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    • Posted

      1. On the contrary: development of Barrett's requires both acid and bile. A research study a couple of years ago found both elements were required and neither by itself created Barrett's. It's like removing grease from a plate: detergent and water seperately are ineefective but together they work. Similarly for the acid to start dissolving the tissue (resulting in the protective mechanism of replacing squamous celss with columnar ones) the bile acts as a detergent to let the molecules adhere.

      (Bile Acid at Low pH Reduces Squamous Differentiation and Activates EGFR Signaling in Esophageal Squamous Cells in 3-D Culture.

      "Results suggest that bile at low pH, but not bile or low pH alone, promotes loss of differentiation status of stratified squamous esophageal epithelium in vitro, possibly by initiating a mucosal repair response through epidermal growth factor activation." - Journal of Gastrointestinal Surgery 7 August 2013)  (also supported by other research papers)

      2. SSRIs reduce stress, they do not reduce reflux of bile. In relaxing the muscles, they may actually exacerbate reflux. (I was actually reading an abstract of a just published article about SSRI use for reflux this morning but cannot find it in the history.)

      3. How long is a piece of string? Not everyone who refluxes acid and bile develops Barrett's. Regular surveillance endoscopy every couple of years should be sufficient to show any oesophageal changes.

      4. For the great majority of those with Barrett's, they will never progress from "normal" (non-dysplastic) Barrett's to anything worse. However, some will progress through the stages of low grade dysplasia, high grade dysplasia and thence, possibly, cancer. If at an endoscopy dysplasia is identified, there are various ablation therapies that may be considered. The usual route is firstly to remove the "lumps and bumps" with endoscopic mucosal resection and then to use Radio Frequency Ablation to burn away the smoother areas of Barrett's. At completion of treatment (which may take several sessions), new suamous epithelium forma and no Barrett's remains. However, because the patient developed Barretts initially, they are liekly to develop it again so lifetime PPIs and regular surveillance is still required.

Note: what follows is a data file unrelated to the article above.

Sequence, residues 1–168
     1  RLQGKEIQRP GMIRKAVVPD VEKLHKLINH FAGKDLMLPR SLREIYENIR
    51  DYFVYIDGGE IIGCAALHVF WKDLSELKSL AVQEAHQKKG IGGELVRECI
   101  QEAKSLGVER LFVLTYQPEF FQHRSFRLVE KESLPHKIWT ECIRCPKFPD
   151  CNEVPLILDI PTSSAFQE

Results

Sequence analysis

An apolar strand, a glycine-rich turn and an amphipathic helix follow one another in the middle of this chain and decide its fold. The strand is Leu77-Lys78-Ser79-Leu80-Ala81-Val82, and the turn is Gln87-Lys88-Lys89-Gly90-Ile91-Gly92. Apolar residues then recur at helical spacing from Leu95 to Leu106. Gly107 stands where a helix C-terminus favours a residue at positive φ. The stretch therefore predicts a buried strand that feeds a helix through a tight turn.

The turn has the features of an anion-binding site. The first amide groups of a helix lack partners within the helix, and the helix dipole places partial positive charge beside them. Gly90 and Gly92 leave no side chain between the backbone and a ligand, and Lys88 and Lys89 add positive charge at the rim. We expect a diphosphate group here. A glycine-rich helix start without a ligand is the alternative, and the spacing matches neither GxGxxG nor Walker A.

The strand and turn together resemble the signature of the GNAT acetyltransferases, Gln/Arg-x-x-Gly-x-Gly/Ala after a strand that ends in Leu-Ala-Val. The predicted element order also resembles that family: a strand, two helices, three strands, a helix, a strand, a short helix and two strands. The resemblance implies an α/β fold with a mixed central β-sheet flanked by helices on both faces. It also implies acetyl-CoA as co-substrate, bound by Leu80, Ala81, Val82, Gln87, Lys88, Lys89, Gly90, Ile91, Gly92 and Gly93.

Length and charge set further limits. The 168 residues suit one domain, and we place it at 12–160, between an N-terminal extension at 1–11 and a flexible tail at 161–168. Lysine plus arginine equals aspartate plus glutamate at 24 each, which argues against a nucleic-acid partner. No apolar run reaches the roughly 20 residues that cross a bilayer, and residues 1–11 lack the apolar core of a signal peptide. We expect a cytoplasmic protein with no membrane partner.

See the www BarrettsWessex org uk site pages on the Journey (pages 22 onwards include videos of the procedures.)

      RFA may also be used with T1 cancer but anything higher requires oesophagectomy. Caught early enough, the cancer is removed from the body.

      5. I had reflux reduction surgery 8 years ago. Following 5 hours violent retching from norovirus the wrap loosened and I had revision surgery a couple of years ago. I get no regular reflux but am careful about not over eating etc and still have my bed head raised.

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    • Posted

      Thanks so much. I have heard that the nature of this cancer is aggressive. Does this aggressiveness start from early stages of the disease or it's just for the end stage and the metastasis stage? Is it impossible to do surgery because of the delicate heart structures, etc. around the esophagus, even in early stages? Thanks.
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    • Posted

      The rate of progress is like an exponential curve.

      Any progression along the metaplasia - dysplasia - neoplasia line is slow initially (IF it is going to happen) but once the cancer establishes, it takes off rapidly with typical prognosis of just 6 weeks on diagnosis even as a T1 adenocarcinoma. Of course surgery is difficult but even a T4 patient may be saved by oesophagectomy. (But there's only a 15% survival rate. )

      Of course, oesophagectomy cannot help if the disease has metastaciesd considerably even with readio and chemo therapies to treat the affected areas.

      I do know a number of oesophagectomy survivors and the Oesophageal Patients Association (Patients helping patients) is a great help to many.

      In the www DownWithAcid org uk book, you may read about the different oesophagectomy procedures by scrolling down the menu to the Treatments section to find the chapter on oesophagectomy.